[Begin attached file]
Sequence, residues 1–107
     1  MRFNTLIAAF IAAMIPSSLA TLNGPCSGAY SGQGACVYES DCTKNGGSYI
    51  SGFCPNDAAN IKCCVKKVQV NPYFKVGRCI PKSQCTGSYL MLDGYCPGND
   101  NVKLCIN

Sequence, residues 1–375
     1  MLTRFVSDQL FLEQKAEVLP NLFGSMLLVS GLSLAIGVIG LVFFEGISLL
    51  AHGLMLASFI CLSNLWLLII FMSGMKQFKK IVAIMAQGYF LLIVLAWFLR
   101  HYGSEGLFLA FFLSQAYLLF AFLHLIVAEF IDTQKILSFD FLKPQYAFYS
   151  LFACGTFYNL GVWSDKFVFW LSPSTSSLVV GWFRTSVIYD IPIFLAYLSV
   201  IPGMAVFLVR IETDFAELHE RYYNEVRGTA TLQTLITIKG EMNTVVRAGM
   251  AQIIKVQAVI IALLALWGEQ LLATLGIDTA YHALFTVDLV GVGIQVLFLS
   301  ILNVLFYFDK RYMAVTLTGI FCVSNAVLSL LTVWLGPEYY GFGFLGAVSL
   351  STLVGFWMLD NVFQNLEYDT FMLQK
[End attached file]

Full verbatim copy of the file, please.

Sequence, residues 1–107
     1  MRFNTLIAAF IAAMIPSSLA TLNGPCSGAY SGQGACVYES DCTKNGGSYI
    51  SGFCPNDAAN IKCCVKKVQV NPYFKVGRCI PKSQCTGSYL MLDGYCPGND
   101  NVKLCIN

Sequence, residues 1–375
     1  MLTRFVSDQL FLEQKAEVLP NLFGSMLLVS GLSLAIGVIG LVFFEGISLL
    51  AHGLMLASFI CLSNLWLLII FMSGMKQFKK IVAIMAQGYF LLIVLAWFLR
   101  HYGSEGLFLA FFLSQAYLLF AFLHLIVAEF IDTQKILSFD FLKPQYAFYS
   151  LFACGTFYNL GVWSDKFVFW LSPSTSSLVV GWFRTSVIYD IPIFLAYLSV
   201  IPGMAVFLVR IETDFAELHE RYYNEVRGTA TLQTLITIKG EMNTVVRAGM
   251  AQIIKVQAVI IALLALWGEQ LLATLGIDTA YHALFTVDLV GVGIQVLFLS
   301  ILNVLFYFDK RYMAVTLTGI FCVSNAVLSL LTVWLGPEYY GFGFLGAVSL
   351  STLVGFWMLD NVFQNLEYDT FMLQK